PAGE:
There is a large body of evidence supporting beneficial effects of omega-3 fatty acids for both primary and secondary prevention of cardiac disease in people. However, evidence is increasing for the use of omega-3 fatty acids in dogs with cardiac disease as well. Omega-3 fatty acids’ anti-inflammatory and anti-arrhythmic effects may be beneficial in managing the loss of lean body mass and arrhythmias that are common in heart failure. However, omega-3 fatty acids also may have positive effects on myocardial energy metabolism, endothelial function, heart rate and blood pressure, and immune function. Additional research is needed to determine optimal indications, doses and formulations for dogs and cats with cardiac disease.
Fat has gained a reputation as a “bad” component of food with numerous adverse health effects. One only has to think of the terms, “saturated fat”, “cholesterol”, “trans-fatty acids” and “obesity” to realise the unhealthy reputation fat has gained in society. However, small amounts of dietary fat are essential for life and have a role not only as a potent source of calories but also as carrier of fat soluble vitamins and a source of essential fatty acids. Fats also have important effects on immune function, inflammation, and even hemodynamics. Fats affect all body systems in some ways, but few systems are affected as much as the cardiovascular system. This results in important effects of fats on cardiovascular health – both positive and negative. One specific type of fatty acid that has received great attention for its effects in the cardiovascular system is the omega-3 fatty acids (also called n-3 or ω-3 fatty acids). The benefits of omega-3 fatty acids in people have been described for many years and fish/fish oil consumption has, therefore, been recommended as an important part of the human diet. Because the diseases for which omega-3 fatty acids have been best studied in people (i.e. coronary heart disease, essential hypertension) are uncommon in dogs and cats, recommendations for use of omega-3 fatty acids in dogs and cats are a more recent phenomenon. However, the evidence for benefits of omega-3 fatty acids in animals with cardiac disease is mounting.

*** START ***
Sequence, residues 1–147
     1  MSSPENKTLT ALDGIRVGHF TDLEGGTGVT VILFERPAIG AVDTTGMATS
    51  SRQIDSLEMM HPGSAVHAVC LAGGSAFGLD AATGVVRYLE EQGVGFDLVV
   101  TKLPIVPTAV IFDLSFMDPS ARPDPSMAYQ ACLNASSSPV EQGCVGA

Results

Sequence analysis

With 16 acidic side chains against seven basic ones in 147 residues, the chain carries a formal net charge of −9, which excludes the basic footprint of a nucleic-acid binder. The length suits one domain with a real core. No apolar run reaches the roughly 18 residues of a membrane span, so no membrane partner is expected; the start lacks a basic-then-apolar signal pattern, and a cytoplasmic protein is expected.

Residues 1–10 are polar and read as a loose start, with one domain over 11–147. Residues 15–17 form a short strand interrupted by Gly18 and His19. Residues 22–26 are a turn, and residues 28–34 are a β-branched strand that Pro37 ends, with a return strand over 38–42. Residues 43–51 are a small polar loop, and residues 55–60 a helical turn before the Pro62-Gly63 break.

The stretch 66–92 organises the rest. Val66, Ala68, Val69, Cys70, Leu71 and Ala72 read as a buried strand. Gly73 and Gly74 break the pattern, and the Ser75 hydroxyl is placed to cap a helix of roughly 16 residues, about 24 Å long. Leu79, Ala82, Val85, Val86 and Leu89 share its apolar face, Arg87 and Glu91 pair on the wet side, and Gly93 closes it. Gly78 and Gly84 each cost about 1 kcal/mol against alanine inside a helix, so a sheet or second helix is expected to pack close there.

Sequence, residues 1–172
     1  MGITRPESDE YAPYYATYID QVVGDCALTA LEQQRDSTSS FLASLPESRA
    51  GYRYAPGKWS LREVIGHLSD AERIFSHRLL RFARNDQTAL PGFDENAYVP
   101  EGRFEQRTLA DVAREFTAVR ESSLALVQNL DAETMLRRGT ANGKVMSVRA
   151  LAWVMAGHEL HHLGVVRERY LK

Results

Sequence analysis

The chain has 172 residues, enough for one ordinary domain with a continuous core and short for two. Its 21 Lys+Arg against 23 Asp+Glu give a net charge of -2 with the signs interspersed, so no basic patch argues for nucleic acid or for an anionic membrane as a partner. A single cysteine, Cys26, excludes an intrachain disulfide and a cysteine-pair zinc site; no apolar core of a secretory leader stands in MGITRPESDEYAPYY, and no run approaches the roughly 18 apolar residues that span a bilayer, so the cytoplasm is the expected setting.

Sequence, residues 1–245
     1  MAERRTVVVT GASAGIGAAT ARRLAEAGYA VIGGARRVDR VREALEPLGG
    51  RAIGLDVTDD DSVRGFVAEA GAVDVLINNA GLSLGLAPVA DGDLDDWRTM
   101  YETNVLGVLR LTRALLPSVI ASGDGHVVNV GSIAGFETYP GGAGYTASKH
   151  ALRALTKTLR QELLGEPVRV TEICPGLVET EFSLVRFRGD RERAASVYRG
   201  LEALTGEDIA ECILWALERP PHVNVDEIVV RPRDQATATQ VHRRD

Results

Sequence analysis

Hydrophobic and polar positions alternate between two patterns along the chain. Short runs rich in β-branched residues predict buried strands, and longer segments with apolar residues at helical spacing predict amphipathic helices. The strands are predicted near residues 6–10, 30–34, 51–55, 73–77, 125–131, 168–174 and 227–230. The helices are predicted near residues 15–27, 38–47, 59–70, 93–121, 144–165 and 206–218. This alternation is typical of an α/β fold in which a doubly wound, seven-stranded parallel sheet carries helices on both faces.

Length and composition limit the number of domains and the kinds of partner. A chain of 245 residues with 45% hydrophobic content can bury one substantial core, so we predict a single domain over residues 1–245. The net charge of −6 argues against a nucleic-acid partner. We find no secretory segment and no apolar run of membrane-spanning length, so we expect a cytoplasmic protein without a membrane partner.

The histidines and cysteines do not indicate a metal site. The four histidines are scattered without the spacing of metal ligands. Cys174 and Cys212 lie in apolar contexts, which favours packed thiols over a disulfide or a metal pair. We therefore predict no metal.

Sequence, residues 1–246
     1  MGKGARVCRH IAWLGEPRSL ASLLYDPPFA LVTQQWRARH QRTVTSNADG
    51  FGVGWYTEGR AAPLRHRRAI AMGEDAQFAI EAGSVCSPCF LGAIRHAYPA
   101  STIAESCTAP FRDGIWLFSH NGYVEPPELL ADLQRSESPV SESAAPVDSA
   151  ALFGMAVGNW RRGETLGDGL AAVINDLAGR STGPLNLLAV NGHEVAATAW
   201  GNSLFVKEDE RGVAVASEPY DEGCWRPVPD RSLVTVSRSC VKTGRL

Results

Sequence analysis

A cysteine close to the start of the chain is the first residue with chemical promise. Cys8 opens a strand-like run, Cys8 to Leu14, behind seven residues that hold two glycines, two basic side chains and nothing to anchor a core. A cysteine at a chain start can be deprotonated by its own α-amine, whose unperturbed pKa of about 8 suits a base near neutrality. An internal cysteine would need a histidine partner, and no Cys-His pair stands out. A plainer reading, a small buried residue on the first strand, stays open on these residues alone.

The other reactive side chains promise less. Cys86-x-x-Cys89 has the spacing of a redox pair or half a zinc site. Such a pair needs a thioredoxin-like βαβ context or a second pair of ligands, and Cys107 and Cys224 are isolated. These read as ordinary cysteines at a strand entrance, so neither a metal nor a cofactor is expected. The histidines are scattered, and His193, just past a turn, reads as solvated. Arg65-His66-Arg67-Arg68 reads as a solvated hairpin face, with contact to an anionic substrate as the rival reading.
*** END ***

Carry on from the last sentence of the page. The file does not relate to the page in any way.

Omega-3 fatty acids: biochemical basis for beneficial effects
The largest proportion of dietary fat is made up of triglycerides. Triglycerides are composed of a short glycerol backbone attached to three fatty acids. It is these fatty acids that contribute to the variability in the form and effects of fats. Fatty acids are a hydrocarbon chain with an even number of carbon atoms (Fig 1). Fatty acids are designated based on the number of carbons (from 4 to 26), the number of double bonds (0 to 6) and the location of double bonds (at the third, sixth, seventh or ninth carbons; Fig 1). Most fatty acids have a chemical designation (e.g. C18:1 n-9 – meaning a fatty acid with 18 carbons, one double bond, with the first double bond at the ninth carbon), as well as a common name (the common name for C18:1 n-9 is oleic acid). The structure affects not only the naming of the fatty acid but also, more importantly, its functional and health effects.
Fatty acids have a carboxyl group (COOH) at one end of the carbon chain and a methyl group (CH3) at the other end. This biochemical fact is important because omega-3 fatty acids have their first double bond at the third carbon from the methyl end (hence, omega-3 fatty acids), while omega-6 fatty acids have their first double bond at the sixth carbon from the methyl end. There are several omega-3 fatty acids, but the most common ones are α-linolenic acid (ALA; C18:3 n-3), eicosapentaenoic acid (EPA; C20:5 n-3) and docosahexaenoic acid (DHA; C22:6 n-3).
While these structural differences between omega-3 and omega-6 fatty acids may seem minor, they impart very significant effects on fatty acid structure, cell membrane composition and fluidity, cell signalling pathways and inflammation. Fatty acids, whether omega-3 or omega-6, are incorporated into cell membranes. Within cell membranes, they have significant effects on membrane integrity and fluidity, as well as cell signalling (Torrejon and others 2007, Calder 2008). In addition, when released from cell membranes by phospholipases, they form eicosanoids through action by the enzymes, cyclooxygenase and lipoxygenase (Fig 2). Both the omega-3 fatty acid, EPA, and the omega-6 fatty acid, arachidonic acid (20:4 n-6), serve as primary precursors for eicosanoids. However, eicosanoids derived from arachidonic acid are of the 2- and 4-series (e.g. prostaglandin E2, leukotriene B4), whereas eicosanoids derived from EPA are of the 3- and 5-series (e.g. prostaglandin E3, leukotriene B5). Eicosanoids of 3- and 5-series are generally less potent inflammatory mediators compared with the 2- and 4-series and, as a result, cause vasodilation, anti-thrombotic effects and reduced chemotaxis (Ad Hoc Committee on Dog and Cat Nutrition 2006, Kang and Weylandt 2008) (Fig 2). Heart failure is now known to be an inflammatory disease associated with elevated production of eicosanoids and other inflammatory mediators (von Haehling and others 2009). Therefore, one of the key beneficial effects of omega-3 fatty acids is that the eicosanoids derived from them are less inflammatory.